The founder of Noble Group, the commodity trader that collapsed into insolvency in 2018, is suing the company over a debt restructuring that he says was unfair to minority shareholders including himself.
(Bloomberg) — The founder of Noble Group, the commodity trader that collapsed into insolvency in 2018, is suing the company over a debt restructuring that he says was unfair to minority shareholders including himself.
The lawsuit filed in Hong Kong by Richard Elman – whose stake in the company was worth more than a billion dollars at its peak – is the latest installment in the saga of Noble, which rode the China-led supercycle to become one of Asia’s largest commodity traders before collapsing just as spectacularly in a scandal over its misleading accounts.
The 83-year-old founder was a central figure in that drama, leading the company through its highs and lows and doing battle with a group of hedge funds that held its debt, before eventually supporting a restructuring deal in 2018 that drastically reduced his stake and handed control of the company to its creditors.
Now he is taking legal action over a second debt restructuring deal at Noble, which took place last year. Even after wiping out more than $1 billion in debt in the 2018 restructuring, Noble struggled to return to profitability. Last year it underwent a second restructuring, which saw creditors take over its trading unit in exchange for a further debt reduction.
In the lawsuit, which was filed last week, Elman argues that the second restructuring deal last year unfairly benefited the company’s creditors.
“There has been very serious corporate mismanagement,” Elman alleges in an affidavit seen by Bloomberg News, claiming that the second restructuring was the result of “collusion between the directors and the controlling creditors to the detriment of the company’s minority shareholders.”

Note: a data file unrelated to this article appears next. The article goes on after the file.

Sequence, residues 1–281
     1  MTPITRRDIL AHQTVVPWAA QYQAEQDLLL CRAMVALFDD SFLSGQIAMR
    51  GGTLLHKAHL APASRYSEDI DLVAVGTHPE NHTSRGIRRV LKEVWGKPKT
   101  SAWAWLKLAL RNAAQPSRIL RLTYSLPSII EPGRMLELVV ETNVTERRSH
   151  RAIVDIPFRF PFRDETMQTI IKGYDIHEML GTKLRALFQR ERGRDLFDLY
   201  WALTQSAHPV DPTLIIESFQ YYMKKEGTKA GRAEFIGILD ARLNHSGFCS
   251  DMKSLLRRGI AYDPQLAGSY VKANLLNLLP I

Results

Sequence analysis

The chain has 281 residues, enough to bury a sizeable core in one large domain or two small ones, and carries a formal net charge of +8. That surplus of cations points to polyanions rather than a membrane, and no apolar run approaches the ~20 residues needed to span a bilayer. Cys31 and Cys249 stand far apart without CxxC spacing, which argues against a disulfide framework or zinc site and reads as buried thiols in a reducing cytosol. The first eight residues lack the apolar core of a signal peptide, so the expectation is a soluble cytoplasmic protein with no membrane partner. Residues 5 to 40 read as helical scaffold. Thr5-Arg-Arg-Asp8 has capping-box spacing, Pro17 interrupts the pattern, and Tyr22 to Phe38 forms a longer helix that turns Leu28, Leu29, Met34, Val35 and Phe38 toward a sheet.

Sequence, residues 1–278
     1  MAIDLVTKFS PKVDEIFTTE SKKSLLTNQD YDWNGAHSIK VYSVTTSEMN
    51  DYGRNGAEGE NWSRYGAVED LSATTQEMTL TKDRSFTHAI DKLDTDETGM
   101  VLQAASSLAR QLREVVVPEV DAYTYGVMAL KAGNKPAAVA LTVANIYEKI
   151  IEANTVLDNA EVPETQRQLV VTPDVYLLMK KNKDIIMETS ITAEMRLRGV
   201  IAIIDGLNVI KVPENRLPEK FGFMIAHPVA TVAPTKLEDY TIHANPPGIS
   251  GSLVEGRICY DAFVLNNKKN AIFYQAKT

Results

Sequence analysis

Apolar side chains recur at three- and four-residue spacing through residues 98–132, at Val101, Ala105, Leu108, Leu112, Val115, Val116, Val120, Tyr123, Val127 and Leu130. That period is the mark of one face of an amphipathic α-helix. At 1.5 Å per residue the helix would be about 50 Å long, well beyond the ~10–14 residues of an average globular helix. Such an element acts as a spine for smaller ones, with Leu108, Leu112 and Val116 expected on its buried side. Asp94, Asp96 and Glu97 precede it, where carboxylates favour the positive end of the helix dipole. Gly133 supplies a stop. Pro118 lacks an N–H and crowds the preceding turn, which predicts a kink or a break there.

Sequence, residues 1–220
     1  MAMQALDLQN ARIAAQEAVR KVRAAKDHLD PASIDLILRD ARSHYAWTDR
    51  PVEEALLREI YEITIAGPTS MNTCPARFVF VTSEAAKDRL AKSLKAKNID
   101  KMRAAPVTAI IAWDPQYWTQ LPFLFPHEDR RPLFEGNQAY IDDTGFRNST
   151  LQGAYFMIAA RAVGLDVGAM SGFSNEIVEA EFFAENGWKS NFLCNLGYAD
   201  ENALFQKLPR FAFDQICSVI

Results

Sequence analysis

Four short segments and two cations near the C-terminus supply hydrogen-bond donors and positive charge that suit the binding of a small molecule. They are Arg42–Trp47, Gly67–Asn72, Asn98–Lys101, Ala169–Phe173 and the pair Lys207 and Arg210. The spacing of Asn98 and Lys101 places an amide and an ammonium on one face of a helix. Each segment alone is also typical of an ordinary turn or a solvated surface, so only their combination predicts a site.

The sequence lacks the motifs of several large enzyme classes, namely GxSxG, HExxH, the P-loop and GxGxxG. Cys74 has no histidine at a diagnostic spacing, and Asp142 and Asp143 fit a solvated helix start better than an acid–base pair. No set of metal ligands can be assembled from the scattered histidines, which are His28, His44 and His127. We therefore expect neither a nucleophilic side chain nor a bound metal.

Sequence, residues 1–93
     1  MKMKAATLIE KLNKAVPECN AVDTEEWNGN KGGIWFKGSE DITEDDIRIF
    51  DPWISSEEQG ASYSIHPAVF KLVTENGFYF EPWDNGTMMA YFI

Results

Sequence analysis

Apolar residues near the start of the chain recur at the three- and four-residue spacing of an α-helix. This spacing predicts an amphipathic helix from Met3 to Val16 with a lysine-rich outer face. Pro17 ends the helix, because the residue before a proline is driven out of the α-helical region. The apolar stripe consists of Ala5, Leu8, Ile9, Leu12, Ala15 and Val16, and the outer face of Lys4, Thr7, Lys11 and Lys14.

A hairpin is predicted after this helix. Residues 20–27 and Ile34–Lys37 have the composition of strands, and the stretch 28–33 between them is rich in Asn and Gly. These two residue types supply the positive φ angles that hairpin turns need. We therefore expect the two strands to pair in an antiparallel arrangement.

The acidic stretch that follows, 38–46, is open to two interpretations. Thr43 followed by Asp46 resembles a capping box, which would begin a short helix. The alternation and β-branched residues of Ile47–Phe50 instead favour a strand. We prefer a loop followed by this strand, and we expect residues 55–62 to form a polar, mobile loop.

A spokesperson for Noble declined to comment.
Elman, who was Noble’s largest shareholder before its 2018 restructuring, now owns 2.88% of Noble Group Holdings Ltd. through a Guernsey holding company, according to the affidavit.
The company said at the time that the second restructuring was necessary because its debt levels were “unsustainable.” However, Elman questions the decision to transfer ownership of the trading unit to the company’s creditors.
He is seeking disclosure of board minutes, internal correspondence and contracts relating to the second restructuring and several other transactions in the past two years – a legal salvo that could be a prelude to a claim for damages.
Shareholders rank behind creditors when companies are being wound up, meaning that when a company is unable to pay its debts they often end up with nothing.
The trading unit had debts of $1 billion at the time of the second restructuring, according a December 2021 announcement from Noble. That compares to a valuation by Grant Thornton, prepared for Noble’s board and cited by Elman, of just $418 million.
Elman says in his affidavit he believes the trading unit’s true value was at least $1.07 billion, without explaining how he arrived at this figure.
The lawsuit highlights the plight of the shareholders of Noble, which for two decades was listed in Singapore and into which thousands of Singaporeans poured their savings.
While Noble’s shareholders collectively received 20% of the company in the 2018 restructuring deal, it’s looking increasingly likely that that will end up being worth nothing: after the trading unit was handed to creditors in last year’s restructuring, the company’s two remaining assets were the Jamalco alumina plant in Jamaica and a stake in UK oil producer Harbour Energy Plc.
The Jamalco stake was sold to Glencore Plc-backed Century Aluminum Co. for $1 this year, and Noble this week started a process to distribute the vast majority of the Harbour shares — which are worth less than its total debts — to its creditors.
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